OSHA Inspection Do’s and Don’ts

The Department of Labor’s Occupational Health and Safety Administration (OSHA) doesn’t usually call ahead of an inspection. For this reason, employers must always be prepared for a knock on the door. Here are some do’s and don’ts for protecting your company’s interests during an OSHA inspection.

Before the Inspection

Do: When it comes to OSHA inspections, the best offense is a good defense. Performing regular self-audits to make sure you are in compliance with all OSHA standards and having all compliance documents up-to-date and readily available will help put you on solid footing for an inspection.

Do: Appoint a member of your management team to serve as your company’s OSHA representative, who will be responsible for accompanying OSHA throughout the inspection. Designate a second management team member to serve as a deputy OSHA representative, in case the first person is not available. Both individuals must be experts in your company’s health and safety program and trained to best represent your interests during an inspection.

Do: Make sure OSHA’s employee rights poster is prominently displayed in an area where workers gather, such as a break room.

Do: Have an inspection action plan in place, ready to be activated when the OSHA inspector shows up.

Once OSHA Arrives

Don’t be rude or try to obstruct the OSHA inspector from doing his or her job. While you have a right to demand that OSHA get a warrant to search your workplace, it’s generally advisable not to do so. OSHA may interpret the demand as a hostile act that shows you have something to hide, and it may prompt the agency to do a broader inspection once it returns with the warrant.

Do: If your appointed OSHA representative is not on-site when the OSHA compliance officer comes calling, you can request that the officer wait a reasonable amount of time, such as up to an hour, for your representative to arrive.

Do: An OSHA inspection begins with an opening conference, during which you can dictate some of the terms of the inspection. The OSHA compliance officer should be introduced to your OSHA representative and informed that all inspection activities must be coordinated through this individual.

Don’t hesitate to contact your OSHA attorney when OSHA first arrives or at any point during the opening conference or inspection in which your representative has concerns. You have a right to have your attorney represent you during an OSHA inspection.

Don’t be shy about asking the OSHA officer for his or her credentials (if they weren’t presented) and for details on the reason for the inspection. If the inspection was prompted by an employee complaint, for instance, don’t be afraid to ask to see a copy of the complaint.

Do: Ask the inspector what he or she wants to do during the inspection, and how long it is expected to take. Confirm with the officer upfront that the inspection will be limited to specified areas relevant to the inspector’s stated goals. However, know that if there are observable violations in plain sight, the OSHA officer can and will investigate them.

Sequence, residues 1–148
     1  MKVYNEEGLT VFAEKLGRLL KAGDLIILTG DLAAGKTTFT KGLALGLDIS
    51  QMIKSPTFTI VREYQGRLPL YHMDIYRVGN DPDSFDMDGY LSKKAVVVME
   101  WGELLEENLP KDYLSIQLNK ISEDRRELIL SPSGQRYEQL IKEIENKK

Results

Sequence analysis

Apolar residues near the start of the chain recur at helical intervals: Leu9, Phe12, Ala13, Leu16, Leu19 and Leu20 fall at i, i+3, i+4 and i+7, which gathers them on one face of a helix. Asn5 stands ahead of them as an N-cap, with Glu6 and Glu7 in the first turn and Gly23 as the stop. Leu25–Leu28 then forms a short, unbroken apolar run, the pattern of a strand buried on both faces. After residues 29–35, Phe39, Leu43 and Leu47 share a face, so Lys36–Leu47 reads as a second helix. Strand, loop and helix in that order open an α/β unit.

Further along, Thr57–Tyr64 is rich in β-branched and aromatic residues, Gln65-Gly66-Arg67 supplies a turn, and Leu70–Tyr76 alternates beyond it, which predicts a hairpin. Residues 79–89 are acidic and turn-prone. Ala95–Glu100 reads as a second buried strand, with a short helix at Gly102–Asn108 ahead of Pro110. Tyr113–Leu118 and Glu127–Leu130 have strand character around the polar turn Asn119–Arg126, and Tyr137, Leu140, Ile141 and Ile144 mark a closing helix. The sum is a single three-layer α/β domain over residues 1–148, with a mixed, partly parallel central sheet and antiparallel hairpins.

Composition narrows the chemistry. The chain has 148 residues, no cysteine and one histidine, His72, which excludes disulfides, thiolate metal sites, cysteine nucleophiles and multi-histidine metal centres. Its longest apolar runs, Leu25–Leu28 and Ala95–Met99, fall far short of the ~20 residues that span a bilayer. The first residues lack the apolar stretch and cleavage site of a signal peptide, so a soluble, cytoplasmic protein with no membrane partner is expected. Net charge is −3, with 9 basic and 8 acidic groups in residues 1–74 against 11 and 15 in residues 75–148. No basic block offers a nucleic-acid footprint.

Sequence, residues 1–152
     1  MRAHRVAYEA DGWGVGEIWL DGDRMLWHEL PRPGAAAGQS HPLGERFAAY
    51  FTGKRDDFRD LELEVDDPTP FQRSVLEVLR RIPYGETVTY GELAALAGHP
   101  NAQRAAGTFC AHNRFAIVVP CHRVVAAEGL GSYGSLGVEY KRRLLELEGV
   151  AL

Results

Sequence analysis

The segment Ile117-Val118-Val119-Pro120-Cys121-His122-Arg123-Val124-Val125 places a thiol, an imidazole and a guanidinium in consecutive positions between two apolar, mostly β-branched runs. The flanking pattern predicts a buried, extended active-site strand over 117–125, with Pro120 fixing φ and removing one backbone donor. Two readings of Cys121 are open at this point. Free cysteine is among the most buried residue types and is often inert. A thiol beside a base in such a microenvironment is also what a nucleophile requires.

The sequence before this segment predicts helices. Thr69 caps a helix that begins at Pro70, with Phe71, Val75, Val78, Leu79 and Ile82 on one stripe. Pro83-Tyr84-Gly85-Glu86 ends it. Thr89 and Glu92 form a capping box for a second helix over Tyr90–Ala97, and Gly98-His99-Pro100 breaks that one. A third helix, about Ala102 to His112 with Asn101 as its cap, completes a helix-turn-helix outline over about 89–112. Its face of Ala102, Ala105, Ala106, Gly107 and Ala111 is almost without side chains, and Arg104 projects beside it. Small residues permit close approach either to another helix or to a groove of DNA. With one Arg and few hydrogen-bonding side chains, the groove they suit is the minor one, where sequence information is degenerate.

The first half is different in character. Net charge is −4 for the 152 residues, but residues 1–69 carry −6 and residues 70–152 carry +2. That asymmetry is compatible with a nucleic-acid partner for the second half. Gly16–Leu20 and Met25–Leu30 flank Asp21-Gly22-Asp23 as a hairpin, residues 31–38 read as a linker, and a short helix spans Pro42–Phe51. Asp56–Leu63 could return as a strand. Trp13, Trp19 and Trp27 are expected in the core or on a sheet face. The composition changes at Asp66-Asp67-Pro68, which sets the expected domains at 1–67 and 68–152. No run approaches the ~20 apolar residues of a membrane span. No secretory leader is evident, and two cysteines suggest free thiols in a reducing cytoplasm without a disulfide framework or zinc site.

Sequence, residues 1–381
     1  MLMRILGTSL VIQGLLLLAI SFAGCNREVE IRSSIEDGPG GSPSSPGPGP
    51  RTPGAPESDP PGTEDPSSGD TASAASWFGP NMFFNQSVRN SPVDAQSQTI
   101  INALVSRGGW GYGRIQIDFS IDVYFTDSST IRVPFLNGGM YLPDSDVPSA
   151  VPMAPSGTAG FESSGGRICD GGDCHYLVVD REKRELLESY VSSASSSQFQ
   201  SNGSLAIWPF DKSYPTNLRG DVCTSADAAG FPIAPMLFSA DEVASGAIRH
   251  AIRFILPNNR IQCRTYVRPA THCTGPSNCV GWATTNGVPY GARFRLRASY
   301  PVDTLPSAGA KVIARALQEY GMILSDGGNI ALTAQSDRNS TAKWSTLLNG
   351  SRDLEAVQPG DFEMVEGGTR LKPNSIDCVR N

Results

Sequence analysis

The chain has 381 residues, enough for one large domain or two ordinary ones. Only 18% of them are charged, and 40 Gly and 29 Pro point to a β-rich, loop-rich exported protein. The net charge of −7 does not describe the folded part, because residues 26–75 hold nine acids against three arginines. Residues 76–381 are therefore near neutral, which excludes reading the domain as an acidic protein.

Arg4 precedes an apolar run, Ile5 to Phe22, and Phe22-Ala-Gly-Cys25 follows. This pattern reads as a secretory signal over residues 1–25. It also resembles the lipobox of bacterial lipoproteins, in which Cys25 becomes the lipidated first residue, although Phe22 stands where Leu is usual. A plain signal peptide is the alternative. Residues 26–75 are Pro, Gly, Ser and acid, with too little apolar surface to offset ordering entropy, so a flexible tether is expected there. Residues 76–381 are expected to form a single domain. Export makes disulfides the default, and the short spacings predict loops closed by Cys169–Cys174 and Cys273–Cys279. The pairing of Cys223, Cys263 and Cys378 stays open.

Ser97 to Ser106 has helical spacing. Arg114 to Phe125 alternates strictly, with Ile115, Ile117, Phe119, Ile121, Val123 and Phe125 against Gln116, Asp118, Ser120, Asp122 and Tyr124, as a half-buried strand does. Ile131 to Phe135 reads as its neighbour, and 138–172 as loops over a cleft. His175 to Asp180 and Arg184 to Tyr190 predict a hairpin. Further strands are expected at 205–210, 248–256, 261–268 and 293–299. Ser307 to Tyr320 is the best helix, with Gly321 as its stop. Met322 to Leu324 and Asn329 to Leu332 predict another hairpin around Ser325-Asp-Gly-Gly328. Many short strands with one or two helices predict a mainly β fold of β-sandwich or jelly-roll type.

Do: Your OSHA representative should accompany the OSHA compliance officer throughout the walk-around.

Don’t be lax about safety equipment – make sure everyone, including the inspector, wears any applicable safety equipment that is required in the areas that you will be walking through.

Do take notes on what the OSHA inspector sees, does and says during the investigation. If the inspector takes photos or videos of certain areas, your representative should take the same photos or videos to have a record of what the inspector looked at.

Don’t volunteer information. Whatever the OSHA representative says during the walk-around is on the record. So generally, the less said to the OSHA inspection officer, the better.

Do: Know your rights regarding employee interviews. You can consent to which managers and supervisors are interviewed, and your OSHA representative (and attorney) can be present for interviews with managers and supervisors. Keep in mind that managerial employees speak for the company, so any admission they make is a company admission. Managers and supervisors should be instructed to tell the truth but not to volunteer information that is not asked for or to comment on matters for which they do not have first-hand knowledge.

Do: Be sure to inform rank-and-file employees of their rights with respect to interviews. Your representative is not generally allowed to be present for employee interviews, but employees are allowed to be accompanied by a representative of their choice. Let them know they have a right to speak or not speak to OSHA and to request that their conversation not be recorded. Advise employees to tell the truth but not to speculate on matters for which they do not have first-hand information.

Do: Produce requested records in compliance with OSHA requirements. Ask for all document requests in writing. OSHA regulations dictate that employers produce 300, 300A and 301 forms within four business hours of the agency’s request. For requests of records that are not required under an OSHA standard, take the requisite time to review the records for accuracy and completeness, perhaps with your attorney, before turning them over to OSHA. If the request is too burdensome or if it is irrelevant to the investigation, you may be able to make a case for not producing these records.

Sheehy, Ware, Pappas & Grubbs can assist you with the complex OSHA compliance process and help you assert your rights throughout the OSHA inspection process. Few firms in the United States match our expertise in OSHA matters. Our OSHA attorneys have represented hundreds of clients in OSHA investigations, and we are able to perform 24/7 rapid response on-site coordination with our clients, often arriving before the OSHA inspector. For assistance with your OSHA matter, contact the OSHA attorneys at Sheehy, Ware, Pappas & Grubbs.